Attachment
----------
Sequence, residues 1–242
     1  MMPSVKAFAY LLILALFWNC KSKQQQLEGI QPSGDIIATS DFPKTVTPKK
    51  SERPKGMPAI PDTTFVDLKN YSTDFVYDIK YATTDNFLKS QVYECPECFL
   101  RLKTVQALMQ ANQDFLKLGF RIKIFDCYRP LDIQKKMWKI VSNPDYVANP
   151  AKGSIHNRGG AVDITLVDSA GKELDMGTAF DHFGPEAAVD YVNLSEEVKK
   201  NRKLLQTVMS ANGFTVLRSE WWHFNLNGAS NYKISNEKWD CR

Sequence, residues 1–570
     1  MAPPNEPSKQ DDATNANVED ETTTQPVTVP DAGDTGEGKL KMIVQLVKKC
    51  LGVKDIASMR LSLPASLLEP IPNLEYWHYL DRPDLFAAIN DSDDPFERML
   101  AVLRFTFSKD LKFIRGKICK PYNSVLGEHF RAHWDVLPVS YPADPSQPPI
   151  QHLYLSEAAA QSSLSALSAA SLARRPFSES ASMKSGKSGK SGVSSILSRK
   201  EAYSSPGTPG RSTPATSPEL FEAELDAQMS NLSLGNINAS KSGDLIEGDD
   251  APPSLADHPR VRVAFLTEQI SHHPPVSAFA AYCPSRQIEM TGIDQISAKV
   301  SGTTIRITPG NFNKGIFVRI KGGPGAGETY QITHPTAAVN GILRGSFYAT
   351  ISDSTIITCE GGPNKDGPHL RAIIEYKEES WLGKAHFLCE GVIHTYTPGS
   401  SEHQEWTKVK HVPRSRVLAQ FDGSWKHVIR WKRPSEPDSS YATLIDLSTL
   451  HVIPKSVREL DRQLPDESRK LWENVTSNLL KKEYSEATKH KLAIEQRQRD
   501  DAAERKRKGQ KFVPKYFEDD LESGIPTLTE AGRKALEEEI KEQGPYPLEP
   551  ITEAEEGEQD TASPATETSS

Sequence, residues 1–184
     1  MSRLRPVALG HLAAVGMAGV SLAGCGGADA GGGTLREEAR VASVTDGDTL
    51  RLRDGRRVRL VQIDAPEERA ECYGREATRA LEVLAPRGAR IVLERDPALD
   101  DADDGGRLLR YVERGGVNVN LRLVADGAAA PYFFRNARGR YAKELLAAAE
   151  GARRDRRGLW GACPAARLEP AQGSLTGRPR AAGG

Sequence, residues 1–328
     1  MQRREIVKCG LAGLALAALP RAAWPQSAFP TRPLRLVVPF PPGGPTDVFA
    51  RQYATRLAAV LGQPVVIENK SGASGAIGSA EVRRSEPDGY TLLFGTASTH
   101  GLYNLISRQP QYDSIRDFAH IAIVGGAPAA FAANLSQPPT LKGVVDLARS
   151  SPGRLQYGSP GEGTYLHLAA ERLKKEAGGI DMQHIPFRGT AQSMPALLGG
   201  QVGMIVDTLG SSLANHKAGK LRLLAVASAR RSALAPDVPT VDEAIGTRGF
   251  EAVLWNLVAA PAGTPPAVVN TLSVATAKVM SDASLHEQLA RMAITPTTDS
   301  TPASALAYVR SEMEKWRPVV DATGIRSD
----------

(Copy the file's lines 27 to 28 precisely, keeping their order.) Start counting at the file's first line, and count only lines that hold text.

    51  RQYATRLAAV LGQPVVIENK SGASGAIGSA EVRRSEPDGY TLLFGTASTH
   101  GLYNLISRQP QYDSIRDFAH IAIVGGAPAA FAANLSQPPT LKGVVDLARS